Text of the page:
Japan, Muromachi period / Storage Jar, Echizen Ware / 15th CenturyJapan, Muromachi period
Storage Jar, Echizen Ware
15th Century

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Creator Nationality: Asian; Far East Asian; Japanese
Creator Dates/Places: Japan
Creator Active Place: Japan
Creator Name-CRT: Japan, Muromachi period
Title: Storage Jar, Echizen Ware
Title Type: Primary
View: Full View
Creation Start Date: 1400
Creation End Date: 1499
Creation Date: 15th Century
Object Type: Decorative Arts and Utilitarian Objects
Classification Term: Ceramic
Materials and Techniques: stoneware with natural ash glaze
Dimensions: Overall: 49.8cm
Inscriptions: Incised artisan's mark
AMICA Contributor: The Cleveland Museum of Art
Owner Location: Cleveland, Ohio, USA
ID Number: 1989.70
Credit Line: John L. Severance Fund
Rights: http://www.clemusart.com/museum/disclaim2.html
Context: Since the 1960s Japanese archaeologists and ceramic scholars have excavated an impressive number of production sites throughout Japan. Among these, more than a hundred of varying size and complexity have been identified as from medieval times (twelfth to sixteenth centuries), revealing the presence of an active ceramic production and distribution network throughout the provinces. Japan's economy was primarily focused on agriculture, especially rice and other grains, and clay storage jars played an integral role in that production system with its numerous regional centers. Echizen, a fertile area along the Sea of Japan coast, emerged as a major pottery center in the fourteenth century. Utilitarian vessels for residential as well as agricultural needs were increasingly in demand, and distant ceramic production sources could not always keep pace with local demand reliably and economically. Individual artisan-farmers thus became the first producers of Echizen's earliest ceramics, succeeded by true, full-time village or regional potters in due course. By the fourteenth century ceramic production became centered in a village to the west of modern Fukui, where substantial deposits of high-quality clay material and an abundant wood supply existed. This large jar is constructed from piling successive bands of clay on top of one another. Each section was built from clay coils pinched together by hand to form a wall, paddled with a wooden spatula, and allowed to dry before the next section was then added on top. The interior wall was paddled as well, then smoothed to help compact the clay fabric and seal it before the neck and mouth were added using a potter's wheel. The vitality of the jar's robust shape is, no doubt, due in large part to this vigorous construction technique. The rich lustrous surface of the vessel is the result of its long (perhaps two weeks) firing in a kiln: wood ash present in the combustive atmosphere of the kiln settled on the jar's surface, accumulated, and then became molten, covering theentire vessel. In this way it became "sealed," the ideal container for protecting fragile grains and grain seeds from moisture and rotting. The abundance of natural glaze and the richness of its palette is extraordinary here and, as in most medieval wares, is fortuitous. While the Echizen farmer and potter no doubt held its durability as an object of everyday use in highest esteem, later generations have come to admire its natural, rugged beauty. M.R.C.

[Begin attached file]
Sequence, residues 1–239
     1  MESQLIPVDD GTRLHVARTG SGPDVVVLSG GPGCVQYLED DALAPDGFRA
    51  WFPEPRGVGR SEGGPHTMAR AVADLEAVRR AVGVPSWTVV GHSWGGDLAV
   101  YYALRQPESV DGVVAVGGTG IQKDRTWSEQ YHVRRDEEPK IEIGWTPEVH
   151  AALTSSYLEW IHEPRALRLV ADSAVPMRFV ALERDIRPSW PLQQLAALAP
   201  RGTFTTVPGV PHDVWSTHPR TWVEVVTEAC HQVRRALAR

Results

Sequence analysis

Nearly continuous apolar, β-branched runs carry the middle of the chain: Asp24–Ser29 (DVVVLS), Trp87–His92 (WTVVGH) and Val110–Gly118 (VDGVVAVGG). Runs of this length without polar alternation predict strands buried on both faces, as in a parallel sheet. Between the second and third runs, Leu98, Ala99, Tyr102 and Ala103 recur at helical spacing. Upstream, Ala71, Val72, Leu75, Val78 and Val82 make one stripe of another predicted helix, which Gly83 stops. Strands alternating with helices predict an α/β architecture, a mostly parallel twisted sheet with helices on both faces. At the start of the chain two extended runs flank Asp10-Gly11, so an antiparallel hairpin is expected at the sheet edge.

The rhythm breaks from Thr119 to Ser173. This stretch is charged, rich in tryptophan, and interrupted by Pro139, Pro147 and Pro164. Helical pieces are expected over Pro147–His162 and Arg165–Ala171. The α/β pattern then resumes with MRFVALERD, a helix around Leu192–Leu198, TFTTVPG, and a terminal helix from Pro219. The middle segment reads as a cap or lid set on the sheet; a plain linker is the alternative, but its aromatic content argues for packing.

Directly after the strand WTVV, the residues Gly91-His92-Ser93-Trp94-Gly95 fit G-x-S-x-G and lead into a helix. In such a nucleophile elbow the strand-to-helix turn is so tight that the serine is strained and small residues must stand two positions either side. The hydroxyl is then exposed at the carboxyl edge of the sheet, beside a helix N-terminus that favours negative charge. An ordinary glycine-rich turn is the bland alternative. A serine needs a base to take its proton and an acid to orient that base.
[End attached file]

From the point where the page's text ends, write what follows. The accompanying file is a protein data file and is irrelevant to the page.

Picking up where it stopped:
AMICA ID: CMA_.1989.70
AMICA Library Year: 1998
Media Metadata Rights: Copyright, The Cleveland Museum of Art

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